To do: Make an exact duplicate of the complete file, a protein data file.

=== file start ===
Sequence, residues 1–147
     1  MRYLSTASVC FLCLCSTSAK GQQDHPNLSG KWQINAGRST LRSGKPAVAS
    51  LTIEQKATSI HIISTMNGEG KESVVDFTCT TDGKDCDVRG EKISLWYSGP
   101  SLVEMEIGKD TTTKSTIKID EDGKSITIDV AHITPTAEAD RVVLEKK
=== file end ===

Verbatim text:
Sequence, residues 1–147
     1  MRYLSTASVC FLCLCSTSAK GQQDHPNLSG KWQINAGRST LRSGKPAVAS
    51  LTIEQKATSI HIISTMNGEG KESVVDFTCT TDGKDCDVRG EKISLWYSGP
   101  SLVEMEIGKD TTTKSTIKID EDGKSITIDV AHITPTAEAD RVVLEKK